1-Minute Summary: GM-CSF instigates a dendritic cell – T cell inflammatory circuit that drives chronic asthma development.

Expert Name
Dr S.P. Nobs, Dr L. Pohlmeier, Dr F. Li, et al.

Chronic asthma is characterised by the accumulation of neutrophils in the lungs, which are key drivers in chronic lung inflammation [1,2]. Moreover, neutrophil accumulation density correlates with disease severity [3]. The high levels of neutrophils are a result of granulocyte-macrophage colony-stimulating factor (GM-CSF)-signalling, which promotes the development of alveolar macrophages (AM) and lung dendritic cell (DC)-dependent induction of Th2/Th17 cell immunity [4]. GM-CSF-deficient animals endure profound impact on the lungs caused by the absence of AM [5]. However, reconstruction of AM in these deficiency models prevented this damage [6]. Acute lung inflammation driven by Th2/ILC2 responses has been investigated before [7], whereas the long-term chronic asthma pathology was thus far unknown. To this end, the current study investigated the role of granulocyte-macrophage colony-stimulating factor (GM-CSF) in the development of neutrophil-mediated chronic asthma [1].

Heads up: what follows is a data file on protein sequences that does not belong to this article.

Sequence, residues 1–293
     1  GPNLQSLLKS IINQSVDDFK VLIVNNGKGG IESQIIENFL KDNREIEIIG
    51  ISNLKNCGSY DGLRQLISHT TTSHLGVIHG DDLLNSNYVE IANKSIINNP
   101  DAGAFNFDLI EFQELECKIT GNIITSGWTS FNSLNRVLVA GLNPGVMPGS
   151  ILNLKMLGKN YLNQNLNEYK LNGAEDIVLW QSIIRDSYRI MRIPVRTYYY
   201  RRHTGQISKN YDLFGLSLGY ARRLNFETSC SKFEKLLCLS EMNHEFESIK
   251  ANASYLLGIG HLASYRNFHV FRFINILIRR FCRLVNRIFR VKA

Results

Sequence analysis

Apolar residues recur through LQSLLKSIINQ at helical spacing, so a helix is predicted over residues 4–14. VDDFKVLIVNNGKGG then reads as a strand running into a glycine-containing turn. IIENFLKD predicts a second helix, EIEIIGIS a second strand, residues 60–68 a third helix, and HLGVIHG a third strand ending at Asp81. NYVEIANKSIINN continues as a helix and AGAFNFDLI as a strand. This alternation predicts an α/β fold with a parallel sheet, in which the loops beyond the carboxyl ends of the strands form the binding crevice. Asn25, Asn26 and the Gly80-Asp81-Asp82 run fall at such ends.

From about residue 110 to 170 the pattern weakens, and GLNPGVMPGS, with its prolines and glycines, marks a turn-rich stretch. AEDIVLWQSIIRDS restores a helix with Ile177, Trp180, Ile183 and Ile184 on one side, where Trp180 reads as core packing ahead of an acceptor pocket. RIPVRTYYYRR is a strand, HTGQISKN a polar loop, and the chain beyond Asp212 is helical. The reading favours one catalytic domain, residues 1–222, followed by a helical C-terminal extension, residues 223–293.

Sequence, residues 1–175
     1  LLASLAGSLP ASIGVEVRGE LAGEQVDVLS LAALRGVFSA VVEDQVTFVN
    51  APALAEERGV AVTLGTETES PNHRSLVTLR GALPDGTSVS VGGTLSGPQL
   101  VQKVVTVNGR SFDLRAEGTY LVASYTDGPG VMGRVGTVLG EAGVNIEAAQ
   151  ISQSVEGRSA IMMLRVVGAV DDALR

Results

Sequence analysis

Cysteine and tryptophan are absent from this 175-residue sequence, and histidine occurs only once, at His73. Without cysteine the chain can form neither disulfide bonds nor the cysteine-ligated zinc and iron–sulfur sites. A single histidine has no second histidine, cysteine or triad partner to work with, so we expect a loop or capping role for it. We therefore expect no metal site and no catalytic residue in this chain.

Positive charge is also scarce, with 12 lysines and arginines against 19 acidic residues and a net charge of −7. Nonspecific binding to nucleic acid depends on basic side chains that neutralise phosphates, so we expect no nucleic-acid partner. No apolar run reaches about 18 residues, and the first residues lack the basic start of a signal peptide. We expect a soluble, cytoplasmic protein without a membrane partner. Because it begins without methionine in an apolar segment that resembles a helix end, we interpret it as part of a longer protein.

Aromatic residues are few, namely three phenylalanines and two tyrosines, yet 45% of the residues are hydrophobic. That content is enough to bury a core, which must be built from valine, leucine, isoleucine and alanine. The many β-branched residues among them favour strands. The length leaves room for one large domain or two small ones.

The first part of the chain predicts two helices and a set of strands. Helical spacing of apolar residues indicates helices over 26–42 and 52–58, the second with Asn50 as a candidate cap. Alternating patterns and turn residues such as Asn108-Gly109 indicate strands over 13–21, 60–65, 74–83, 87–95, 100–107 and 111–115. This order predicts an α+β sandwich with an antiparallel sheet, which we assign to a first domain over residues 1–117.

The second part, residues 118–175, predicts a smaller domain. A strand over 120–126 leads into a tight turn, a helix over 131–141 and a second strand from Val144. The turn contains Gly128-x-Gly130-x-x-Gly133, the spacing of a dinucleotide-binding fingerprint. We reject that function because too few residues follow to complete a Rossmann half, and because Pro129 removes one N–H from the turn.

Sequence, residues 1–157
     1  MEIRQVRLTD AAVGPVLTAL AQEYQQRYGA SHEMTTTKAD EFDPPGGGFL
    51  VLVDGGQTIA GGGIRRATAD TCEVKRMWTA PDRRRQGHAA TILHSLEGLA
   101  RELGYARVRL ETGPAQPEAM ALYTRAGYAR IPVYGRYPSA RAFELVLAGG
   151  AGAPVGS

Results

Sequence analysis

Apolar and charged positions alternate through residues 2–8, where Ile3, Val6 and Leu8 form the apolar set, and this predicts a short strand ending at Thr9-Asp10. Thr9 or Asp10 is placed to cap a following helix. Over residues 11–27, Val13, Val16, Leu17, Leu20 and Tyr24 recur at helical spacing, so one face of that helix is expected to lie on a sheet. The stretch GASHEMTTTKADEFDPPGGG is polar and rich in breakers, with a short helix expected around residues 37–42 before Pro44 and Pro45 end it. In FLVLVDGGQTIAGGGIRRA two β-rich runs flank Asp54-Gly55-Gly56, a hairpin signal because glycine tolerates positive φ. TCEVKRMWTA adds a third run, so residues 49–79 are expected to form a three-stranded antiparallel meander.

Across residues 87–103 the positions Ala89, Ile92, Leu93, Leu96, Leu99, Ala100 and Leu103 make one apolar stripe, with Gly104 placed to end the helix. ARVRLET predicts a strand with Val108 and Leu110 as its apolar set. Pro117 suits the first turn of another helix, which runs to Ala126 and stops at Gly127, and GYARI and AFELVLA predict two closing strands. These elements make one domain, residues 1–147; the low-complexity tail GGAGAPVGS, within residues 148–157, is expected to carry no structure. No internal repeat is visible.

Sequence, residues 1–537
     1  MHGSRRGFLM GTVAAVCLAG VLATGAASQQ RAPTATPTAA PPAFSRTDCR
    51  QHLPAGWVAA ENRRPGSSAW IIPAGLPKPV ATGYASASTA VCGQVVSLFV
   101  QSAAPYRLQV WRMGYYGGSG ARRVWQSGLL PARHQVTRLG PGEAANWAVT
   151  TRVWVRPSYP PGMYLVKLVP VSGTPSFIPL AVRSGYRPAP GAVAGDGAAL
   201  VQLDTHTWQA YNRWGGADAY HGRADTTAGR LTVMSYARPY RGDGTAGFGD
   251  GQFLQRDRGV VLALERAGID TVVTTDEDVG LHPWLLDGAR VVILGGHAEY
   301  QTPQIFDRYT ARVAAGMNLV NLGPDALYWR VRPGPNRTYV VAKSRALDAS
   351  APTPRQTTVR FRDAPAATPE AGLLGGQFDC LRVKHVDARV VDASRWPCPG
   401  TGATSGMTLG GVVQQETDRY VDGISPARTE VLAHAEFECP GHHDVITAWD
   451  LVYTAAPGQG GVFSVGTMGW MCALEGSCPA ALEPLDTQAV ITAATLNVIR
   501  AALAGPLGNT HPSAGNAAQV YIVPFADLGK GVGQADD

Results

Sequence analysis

The GM-CSF-driven lung DC–T-cell circuit in chronic asthma was studied in different experimental animal models of chronic asthma. Nobs et al. combined these models with AM-reconstruction of global GM-CSF receptor- and cell type-specific knockout mice [1].

Results indicated a crucial regulating role of GM-CSF signalling in the accumulation of neutrophils in the lungs. Furthermore, GM-CSF signalling regulated DC activation, antigen uptake, and transport to the lung-draining lymph node. Additionally, lung DC–T-cell interaction, Th2 and Th17 polarisation, and induction of T-cell immunity was driven by GM-CSF signalling, which altogether led to chronic lung inflammation in asthma models.

In conclusion, the current study suggests a GM-CSF-dependent inflammatory circuit triggering lung DC–T-cell interaction leading to chronic lung disease. This circuit promoted T cell-dependent recruitment of neutrophils to the lungs, leading to chronic lung inflammation [1,2]. Thus, GM-CSF was identified as a potential therapeutic target in chronic asthma research and possibly in other chronic inflammatory lung diseases.

DOI: 10.1016/j.jaci.2020.12.638 Samuel Philip Nobs PhD, Lea Pohlmeier MSc, Fengqi Li PhD, Merve Kayhan MSc, Burkhard Becher PhD, Manfred Kopf PhD.


  1. Nobs SP, Pohlmeier L, Li F, et al. GM-CSF instigates a dendritic cell – T cell inflammatory circuit that drives chronic asthma development, Journal of Allergy and Clinical Immunology; 2021, doi: 10.1016/j.jaci.2020.12.638.
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